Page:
Addition of organic carbon compounds to uranium-contaminated environments stimulates the activity of microorganisms resulting in the removal of uranium from groundwater. Researchers at LBNL have shown that competing biogeochemical reactions driven by the rate of organic carbon supply strongly influence uranium mobility during biostimulation and must be carefully optimized to ensure the sustainability of the remediation technique. At low organic carbon supply rates, desorption of uranium from sediments increases soluble uranium concentrations while higher rates stimulate conditions necessary for removal of soluble uranium via microbial bioreduction in laboratory column experiments. Further increases in organic carbon supply rate lead to formation of uranium-carbonate complexes that may drive uranium reoxidation thereby increasing soluble uranium concentrations. The results illustrate that uranium bioremediation processes are more complicated than previously thought and organic carbon supply rates will need to be optimized to balance several competing biogeochemical processes to ensure uranium immobilization over long time frames.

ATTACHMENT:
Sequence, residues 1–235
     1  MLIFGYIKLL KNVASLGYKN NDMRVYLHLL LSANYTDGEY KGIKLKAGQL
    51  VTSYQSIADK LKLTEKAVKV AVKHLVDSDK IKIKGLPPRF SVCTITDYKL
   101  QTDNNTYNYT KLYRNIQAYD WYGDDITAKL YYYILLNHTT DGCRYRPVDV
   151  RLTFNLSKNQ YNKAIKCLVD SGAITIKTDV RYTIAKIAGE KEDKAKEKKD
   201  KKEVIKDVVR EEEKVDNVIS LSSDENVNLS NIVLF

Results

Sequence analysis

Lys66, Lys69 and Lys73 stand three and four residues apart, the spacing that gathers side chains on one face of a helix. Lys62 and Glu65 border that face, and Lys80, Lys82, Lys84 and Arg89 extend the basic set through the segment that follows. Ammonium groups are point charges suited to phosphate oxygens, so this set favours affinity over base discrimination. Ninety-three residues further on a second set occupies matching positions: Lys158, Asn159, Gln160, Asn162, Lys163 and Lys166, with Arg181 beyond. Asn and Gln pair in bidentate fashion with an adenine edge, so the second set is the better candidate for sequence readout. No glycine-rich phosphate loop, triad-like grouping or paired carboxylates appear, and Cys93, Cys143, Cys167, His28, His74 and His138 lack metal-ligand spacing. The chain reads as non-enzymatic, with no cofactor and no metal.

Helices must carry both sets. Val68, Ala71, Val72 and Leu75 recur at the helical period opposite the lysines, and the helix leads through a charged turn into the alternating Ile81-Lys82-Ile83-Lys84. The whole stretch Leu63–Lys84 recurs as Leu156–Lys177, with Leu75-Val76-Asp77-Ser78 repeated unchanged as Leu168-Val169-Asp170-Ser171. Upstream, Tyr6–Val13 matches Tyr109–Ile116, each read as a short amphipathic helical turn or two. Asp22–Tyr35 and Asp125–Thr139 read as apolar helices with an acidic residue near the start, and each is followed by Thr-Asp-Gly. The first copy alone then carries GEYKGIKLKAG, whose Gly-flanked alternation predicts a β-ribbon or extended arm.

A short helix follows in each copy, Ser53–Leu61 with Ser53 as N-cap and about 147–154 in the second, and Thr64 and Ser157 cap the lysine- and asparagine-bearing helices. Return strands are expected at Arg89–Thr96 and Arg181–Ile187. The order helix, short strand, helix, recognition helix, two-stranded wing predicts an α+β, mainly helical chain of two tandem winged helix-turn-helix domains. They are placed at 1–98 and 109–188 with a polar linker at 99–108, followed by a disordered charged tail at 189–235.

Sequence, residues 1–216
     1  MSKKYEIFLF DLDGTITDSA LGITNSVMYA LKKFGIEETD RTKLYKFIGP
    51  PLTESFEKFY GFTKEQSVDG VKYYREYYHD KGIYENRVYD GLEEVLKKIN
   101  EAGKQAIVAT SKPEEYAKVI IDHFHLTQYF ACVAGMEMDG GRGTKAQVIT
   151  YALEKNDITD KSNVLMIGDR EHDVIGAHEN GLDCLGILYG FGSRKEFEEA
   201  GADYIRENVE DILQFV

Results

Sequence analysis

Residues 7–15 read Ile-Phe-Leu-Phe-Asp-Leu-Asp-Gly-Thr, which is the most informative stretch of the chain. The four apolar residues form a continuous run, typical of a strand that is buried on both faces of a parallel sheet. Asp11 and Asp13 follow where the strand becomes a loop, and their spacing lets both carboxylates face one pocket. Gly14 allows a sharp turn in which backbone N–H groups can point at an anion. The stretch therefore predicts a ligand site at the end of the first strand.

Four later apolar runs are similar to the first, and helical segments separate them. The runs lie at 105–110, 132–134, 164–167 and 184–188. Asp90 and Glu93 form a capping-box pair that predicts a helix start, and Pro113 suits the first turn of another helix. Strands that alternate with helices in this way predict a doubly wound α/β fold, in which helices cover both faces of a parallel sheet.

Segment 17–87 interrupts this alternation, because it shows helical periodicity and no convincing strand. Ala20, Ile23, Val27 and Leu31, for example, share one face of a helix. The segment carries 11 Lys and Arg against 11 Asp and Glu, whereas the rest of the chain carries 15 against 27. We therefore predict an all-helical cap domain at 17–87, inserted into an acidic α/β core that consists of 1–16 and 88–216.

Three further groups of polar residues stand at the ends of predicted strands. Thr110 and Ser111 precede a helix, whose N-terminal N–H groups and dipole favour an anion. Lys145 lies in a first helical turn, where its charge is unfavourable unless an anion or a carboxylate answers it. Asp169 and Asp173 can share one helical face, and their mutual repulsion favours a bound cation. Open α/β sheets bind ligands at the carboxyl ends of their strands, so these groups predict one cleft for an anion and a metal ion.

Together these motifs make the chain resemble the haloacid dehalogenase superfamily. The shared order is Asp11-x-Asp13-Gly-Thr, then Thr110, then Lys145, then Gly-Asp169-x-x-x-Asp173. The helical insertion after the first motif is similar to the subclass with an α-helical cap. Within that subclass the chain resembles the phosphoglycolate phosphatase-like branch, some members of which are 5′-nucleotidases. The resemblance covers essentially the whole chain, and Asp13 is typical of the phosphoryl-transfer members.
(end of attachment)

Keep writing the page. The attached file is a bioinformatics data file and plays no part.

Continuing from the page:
Reference: Environ. Sci. Technol., 2008, 42(23): 8901-8907.
Contact: Robert T. Anderson, SC-23.1, (301) 903-5549
SC-33.1 Earth and Environmental Sciences Division, BER
BER supports basic research and scientific user facilities to advance DOE missions in energy and environment. More about BER
Mar 23, 2021
Molecular Connections from Plants to Fungi to Ants
Lipids transfer energy and serve as an inter-kingdom communication tool in leaf-cutter ants&rsqu [more...]
Mar 19, 2021
Microbes Use Ancient Metabolism to Cycle Phosphorus
Microbial cycling of phosphorus through reduction-oxidation reactions is older and more widespre [more...]
Feb 22, 2021
Warming Soil Means Stronger Microbe Networks
Soil warming leads to more complex, larger, and more connected networks of microbes in those soi [more...]
Jan 27, 2021
Labeling the Thale Cress Metabolites
New data pipeline identifies metabolites following heavy isotope labeling.
Aug 31, 2020
Novel Bacterial Clade Reveals Origin of Form I Rubisco
List all highlights (possible long download time)